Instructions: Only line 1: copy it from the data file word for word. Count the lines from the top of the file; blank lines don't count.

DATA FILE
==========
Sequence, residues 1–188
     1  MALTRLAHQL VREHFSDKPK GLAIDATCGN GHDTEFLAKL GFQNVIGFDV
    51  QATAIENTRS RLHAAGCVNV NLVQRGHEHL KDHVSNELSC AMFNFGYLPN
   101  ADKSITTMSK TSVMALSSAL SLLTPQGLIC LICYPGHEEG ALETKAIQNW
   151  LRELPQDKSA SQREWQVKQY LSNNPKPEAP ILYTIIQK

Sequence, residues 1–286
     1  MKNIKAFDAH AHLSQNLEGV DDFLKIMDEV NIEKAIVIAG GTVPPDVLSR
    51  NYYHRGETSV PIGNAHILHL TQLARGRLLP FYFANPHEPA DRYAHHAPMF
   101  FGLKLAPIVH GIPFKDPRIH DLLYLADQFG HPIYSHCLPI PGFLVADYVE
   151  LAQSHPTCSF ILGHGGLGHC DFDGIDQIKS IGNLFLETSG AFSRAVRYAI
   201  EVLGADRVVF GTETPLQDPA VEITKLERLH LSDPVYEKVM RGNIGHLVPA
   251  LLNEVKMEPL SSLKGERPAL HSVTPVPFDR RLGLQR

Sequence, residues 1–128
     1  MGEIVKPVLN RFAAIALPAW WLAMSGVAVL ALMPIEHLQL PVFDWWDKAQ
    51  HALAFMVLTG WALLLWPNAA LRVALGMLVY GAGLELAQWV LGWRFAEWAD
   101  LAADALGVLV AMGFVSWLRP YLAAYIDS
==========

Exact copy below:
Sequence, residues 1–188